Thursday, November 01, 2012

saying goodbye to a saint

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Today, we bury a mother. Her name was Patricia. But her family called her Gigi.

She isn’t my mother, or grandmother. She is a mother once removed, mother to my husband’s first wife, and grandmother to our children.

Her daughter and I share the same name, the same town, the same children and grandchildren, and, at different times, the same husband.

I have known Gigi nearly 20 years. In all that time, even when I first came into the family – the second wife, the step mom, the other Cynthia– she made me feel part of the greater whole. She embraced me, helped me fit in, helped me belong.
I loved her grandchildren – and now great-grandchildren - as my own. I embraced her daughter.  I suppose it is easier to accept someone who loves the same people you do. Or maybe she was just that gracious to everyone.

She was a Proverbs 31 kind of woman. She was confident in what she believed and she lived in the truth of it.  She had a tremendous faith in God that carried her through the illness and death of her beloved husband and one of her sons. She stood strong with those she loved as their lives fell apart. And she helped them stand as they rebuilt them.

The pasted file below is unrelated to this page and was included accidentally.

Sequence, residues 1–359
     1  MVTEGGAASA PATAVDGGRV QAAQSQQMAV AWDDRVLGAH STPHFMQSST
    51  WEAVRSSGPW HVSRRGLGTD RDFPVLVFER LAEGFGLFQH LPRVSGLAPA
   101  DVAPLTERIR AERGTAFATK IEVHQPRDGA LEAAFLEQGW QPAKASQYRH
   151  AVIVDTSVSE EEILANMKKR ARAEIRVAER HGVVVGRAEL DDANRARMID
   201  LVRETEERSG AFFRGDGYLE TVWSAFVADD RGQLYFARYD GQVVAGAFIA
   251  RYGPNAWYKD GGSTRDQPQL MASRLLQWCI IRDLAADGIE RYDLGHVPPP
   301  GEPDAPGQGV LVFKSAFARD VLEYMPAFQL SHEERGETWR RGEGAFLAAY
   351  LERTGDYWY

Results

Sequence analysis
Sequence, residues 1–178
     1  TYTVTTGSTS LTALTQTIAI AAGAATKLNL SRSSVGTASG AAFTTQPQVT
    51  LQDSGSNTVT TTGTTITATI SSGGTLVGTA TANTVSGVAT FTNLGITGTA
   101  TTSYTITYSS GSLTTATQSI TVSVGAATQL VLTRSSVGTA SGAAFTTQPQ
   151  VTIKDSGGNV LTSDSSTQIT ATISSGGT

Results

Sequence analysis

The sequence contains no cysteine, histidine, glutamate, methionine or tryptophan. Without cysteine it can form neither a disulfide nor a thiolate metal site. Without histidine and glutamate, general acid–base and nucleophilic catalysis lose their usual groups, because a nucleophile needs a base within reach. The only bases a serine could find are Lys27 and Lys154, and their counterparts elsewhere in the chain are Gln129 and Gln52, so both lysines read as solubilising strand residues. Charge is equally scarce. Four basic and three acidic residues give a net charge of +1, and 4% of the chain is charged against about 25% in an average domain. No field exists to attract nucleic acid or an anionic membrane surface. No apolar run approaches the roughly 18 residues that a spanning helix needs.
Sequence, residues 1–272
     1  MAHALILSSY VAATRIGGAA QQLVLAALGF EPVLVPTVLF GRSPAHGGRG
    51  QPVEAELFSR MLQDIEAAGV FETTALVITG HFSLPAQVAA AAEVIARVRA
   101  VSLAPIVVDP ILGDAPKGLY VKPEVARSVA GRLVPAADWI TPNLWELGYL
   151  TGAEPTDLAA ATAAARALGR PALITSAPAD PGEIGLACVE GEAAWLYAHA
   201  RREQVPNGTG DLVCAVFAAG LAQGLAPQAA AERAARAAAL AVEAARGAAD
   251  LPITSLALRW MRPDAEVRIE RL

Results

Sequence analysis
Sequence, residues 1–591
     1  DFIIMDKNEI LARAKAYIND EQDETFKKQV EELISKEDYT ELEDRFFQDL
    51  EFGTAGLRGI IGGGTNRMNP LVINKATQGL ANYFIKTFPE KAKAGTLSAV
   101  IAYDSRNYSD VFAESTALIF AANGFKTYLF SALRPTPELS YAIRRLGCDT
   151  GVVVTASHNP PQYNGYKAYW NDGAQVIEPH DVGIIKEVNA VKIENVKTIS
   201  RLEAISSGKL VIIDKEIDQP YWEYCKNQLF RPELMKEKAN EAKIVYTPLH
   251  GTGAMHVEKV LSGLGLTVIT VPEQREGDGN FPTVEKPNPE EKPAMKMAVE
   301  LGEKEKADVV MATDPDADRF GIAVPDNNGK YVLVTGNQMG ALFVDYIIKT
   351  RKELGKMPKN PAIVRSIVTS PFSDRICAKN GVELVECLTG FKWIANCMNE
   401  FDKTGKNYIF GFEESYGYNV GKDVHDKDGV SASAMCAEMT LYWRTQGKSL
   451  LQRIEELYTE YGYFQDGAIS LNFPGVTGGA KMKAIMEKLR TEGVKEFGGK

She was an active woman. She never stopped, and she ran circles around people half her age. She went to every recital, every marching band competition, every graduation. She took care of young and old; her house was open to all. She always had a ready meal, a ready hand, and a ready hug. Even for me.

We were pretty sure she’d outlive our generation. Hoping, maybe. Because as long as she was around, her family had a rock to lean on and a safe place to fall.

When illness struck her, it struck hard. No one saw it coming. It was incurable, ruthless, swift but not swift enough to avoid suffering. A suffering she did not earn.

Today, she suffers no more.

It is fitting that we celebrate Gigi’s life on All Saint’s Day, the day on the Christian calendar that gives Halloween its name (“All Hallow’s Eve”). For we are no longer mourning her illness or even her death.

Oh, there is much grief and heartache and disbelief. There will be tears aplenty for lost time, for missing the sound of her voice, for her empty chair at weddings and birthdays and holidays.

She will be greatly missed. But today we celebrate her legacy that lives in all who knew her, and the newness of life she lives in now.

Because this saint isn’t just marching in – she’s running! 

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